Jennie Loitman Barron
Jennie Loitman Barron was the first woman justice of the Massachusetts Superior Court. In college she organized the Boston University Equal Suffrage League, and she later lobbied for the right of women to serve as jurors. She opened her own law practice in 1914, and in 1934 she was appointed assistant attorney general of Massachusetts, becoming the first woman to try a major criminal case in the state. Beyond her career in the criminal justice system, she worked as the first president of the Women’s Division of the American Jewish Congress and a national board member of Hadassah. Appointed a Superior Court Justice in 1957, she served on the bench until a week before her death at age seventy-seven.
Even as a schoolgirl, Jennie Loitman Barron ignored society’s limits and set high goals for herself. In her long career as a lawyer and a judge, and in her lifelong work for women’s rights, she set many precedents for women in Massachusetts and across the United States.
Early Life and Education
Jennie Loitman Barron was born on October 12, 1891, to Russian immigrant parents Fannie and Morris Loitman. She was one of four daughters and grew up in Boston’s West End with few material benefits. “Money isn’t important,” her mother told her. “It can be lost or stolen. Learning is the thing that enriches your spirit—and that, no one can take from you.” Jennie never forgot that advice.
Out of necessity, she worked part-time while attending high school. In spite of the hours away from her studies, she graduated as valedictorian from Girls’ High School in Boston at age fifteen and went straight to college. Selling books door to door and teaching Americanization classes at night did not postpone her graduation. In fact, she earned a four-year degree from Boston University in only three years and was awarded her law degree two years after that. In 1914, she received her master of law from the same university, one of the few women to earn such a high degree.
While still at college, Jennie joined the suffragist movement. She organized and became the first president of the Boston University Equal Suffrage League, marching with her fellow members in parades and giving soapbox speeches. Even after women had gained the right to vote in 1920, she continued working for women’s rights. She was a delegate to the National Committee of Uniform Laws Regarding Marriage and Divorce in 1930 and lobbied for the right of women to serve as jurors.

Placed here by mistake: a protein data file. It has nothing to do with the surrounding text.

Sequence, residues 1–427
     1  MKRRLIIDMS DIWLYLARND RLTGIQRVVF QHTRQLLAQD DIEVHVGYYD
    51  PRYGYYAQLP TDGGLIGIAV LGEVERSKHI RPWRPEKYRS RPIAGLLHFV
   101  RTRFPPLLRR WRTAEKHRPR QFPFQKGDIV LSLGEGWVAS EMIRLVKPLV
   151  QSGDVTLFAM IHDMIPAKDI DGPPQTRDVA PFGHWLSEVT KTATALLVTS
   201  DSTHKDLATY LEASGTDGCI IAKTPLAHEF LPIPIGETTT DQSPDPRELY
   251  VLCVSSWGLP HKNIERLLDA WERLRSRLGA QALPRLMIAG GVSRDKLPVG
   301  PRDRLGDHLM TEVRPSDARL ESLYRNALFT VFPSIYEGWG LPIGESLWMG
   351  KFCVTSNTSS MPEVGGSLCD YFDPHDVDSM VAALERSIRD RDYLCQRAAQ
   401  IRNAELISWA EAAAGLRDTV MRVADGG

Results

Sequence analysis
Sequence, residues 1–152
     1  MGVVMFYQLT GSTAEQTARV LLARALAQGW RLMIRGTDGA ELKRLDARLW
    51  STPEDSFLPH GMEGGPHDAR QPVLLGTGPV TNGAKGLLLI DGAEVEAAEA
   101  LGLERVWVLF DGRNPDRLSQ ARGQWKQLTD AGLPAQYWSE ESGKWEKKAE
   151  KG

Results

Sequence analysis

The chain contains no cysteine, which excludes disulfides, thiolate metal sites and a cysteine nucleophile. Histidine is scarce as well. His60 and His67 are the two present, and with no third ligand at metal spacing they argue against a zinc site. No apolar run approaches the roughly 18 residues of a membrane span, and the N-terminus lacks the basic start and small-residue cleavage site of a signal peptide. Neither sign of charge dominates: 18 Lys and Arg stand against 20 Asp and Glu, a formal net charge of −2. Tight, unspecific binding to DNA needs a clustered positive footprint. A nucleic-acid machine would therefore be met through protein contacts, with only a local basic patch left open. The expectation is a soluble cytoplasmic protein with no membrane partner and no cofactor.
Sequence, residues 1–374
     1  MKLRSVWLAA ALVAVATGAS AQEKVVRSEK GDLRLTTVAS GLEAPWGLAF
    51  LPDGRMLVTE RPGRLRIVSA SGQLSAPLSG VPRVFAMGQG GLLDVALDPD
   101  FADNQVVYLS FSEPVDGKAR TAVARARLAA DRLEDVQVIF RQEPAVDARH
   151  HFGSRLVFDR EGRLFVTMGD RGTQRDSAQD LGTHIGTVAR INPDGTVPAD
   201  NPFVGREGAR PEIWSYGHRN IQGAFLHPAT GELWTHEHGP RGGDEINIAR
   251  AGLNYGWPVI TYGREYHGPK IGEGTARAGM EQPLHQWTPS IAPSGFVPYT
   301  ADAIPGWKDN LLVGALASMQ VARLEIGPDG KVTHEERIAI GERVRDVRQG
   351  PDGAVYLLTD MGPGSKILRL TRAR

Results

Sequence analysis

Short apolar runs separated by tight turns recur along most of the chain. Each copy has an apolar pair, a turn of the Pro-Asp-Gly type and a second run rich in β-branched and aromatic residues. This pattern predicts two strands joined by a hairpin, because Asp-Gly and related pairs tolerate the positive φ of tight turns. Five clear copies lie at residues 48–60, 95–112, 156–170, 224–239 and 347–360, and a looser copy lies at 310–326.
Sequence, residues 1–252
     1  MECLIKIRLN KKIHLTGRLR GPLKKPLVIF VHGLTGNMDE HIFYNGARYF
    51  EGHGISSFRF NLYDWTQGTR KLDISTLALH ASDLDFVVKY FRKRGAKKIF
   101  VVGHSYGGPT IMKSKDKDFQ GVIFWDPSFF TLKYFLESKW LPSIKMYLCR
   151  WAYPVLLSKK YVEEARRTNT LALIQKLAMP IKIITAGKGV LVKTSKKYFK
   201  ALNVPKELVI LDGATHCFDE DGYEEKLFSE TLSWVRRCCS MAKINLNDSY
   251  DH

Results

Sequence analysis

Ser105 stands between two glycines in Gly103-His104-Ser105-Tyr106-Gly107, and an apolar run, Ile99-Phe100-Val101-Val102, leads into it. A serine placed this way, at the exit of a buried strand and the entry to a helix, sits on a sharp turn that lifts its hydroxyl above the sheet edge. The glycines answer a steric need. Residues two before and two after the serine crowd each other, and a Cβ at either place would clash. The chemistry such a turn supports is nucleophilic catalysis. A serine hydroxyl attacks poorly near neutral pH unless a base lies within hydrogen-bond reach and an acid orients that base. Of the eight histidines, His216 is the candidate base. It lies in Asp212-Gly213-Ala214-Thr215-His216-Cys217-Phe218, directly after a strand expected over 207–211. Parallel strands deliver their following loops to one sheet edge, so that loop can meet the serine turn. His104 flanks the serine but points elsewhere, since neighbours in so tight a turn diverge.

After being admitted to the Massachusetts bar in 1914, she opened her own law practice in Boston. Unlike many other committed suffragists, she supported America’s involvement in World War I and became executive secretary of the Liberty Loan Bond Committee. Just before the end of the war, in June 1918, she married her childhood sweetheart, Samuel Barron, also a Massachusetts lawyer. By the end of that year, the couple opened up a joint practice, Barron and Barron. Their partnership lasted until 1934, when Jennie Barron was appointed assistant attorney general of Massachusetts.
Beginning with that first appointment, Barron broke many barriers. She was the first woman to try a major criminal case in her state. A few years later, in 1937, she was named associate justice of the Boston Municipal Court, the first woman to serve as a full-time justice in Massachusetts. She was the first mother on the Boston School Committee, and the first female United States delegate to the United Nations Congress on Crime and Juvenile Delinquency. In 1957, she was the first woman to be appointed justice of the Massachusetts Superior Court.
“It is a 365-day-a-year job,” Barron said, “because when not in court there are decisions to be written, citations to be looked up, problems to be pondered.”
Family and Legacy
In spite of her demanding job, Barron found time and energy to accept international appointments, travel all over the world, and raise three daughters, Erma, Deborah, and Joy. She remained close to her expanding family, gathering them at her Sabbath table every Friday night. In 1959, already a grandmother, she was awarded the National Mother of the Year Award by American Mothers, Inc.
Barron actively participated in numerous volunteer organizations. She was the first president of the Women’s Division of the American Jewish Congress, national board member of Hadassah, and honorary president of Beth Israel Hospital and the Boston Women’s Division of the American Jewish Congress. In addition, she was a director of the Home Owners Cooperative Bank and chair of the League of Women Voters.
In June 1968, Jennie and Samuel Barron were honored by hundreds of friends and public officials on the occasion of their golden wedding anniversary. Just one week later, Samuel Barron died. Jennie Loitman Barron died the following year, on March 28, 1969. She was seventy-seven years old and had remained on the bench until her heart attack the week before. In a previous statement about her work, Barron had defined as her goals “to make our city, our country better, to promote human brotherhood, to be good citizens.” The crowd of dignitaries of all religions and political parties who attended her funeral attested to her success in achieving those goals.
Barron, Jennie L. Papers. Schlesinger Library, Radcliffe College, Cambridge, Mass..
Boston Globe, March 28, 1969.
EJ; Kuzmack, Linda Gordon. Woman’s Cause: The Jewish Woman’s Movement in England and the United States, 1881–1933 (1990).
Obituary. NYTimes, March 30, 1969, 71:5.
WWIAJ (1928 addenda, 1938).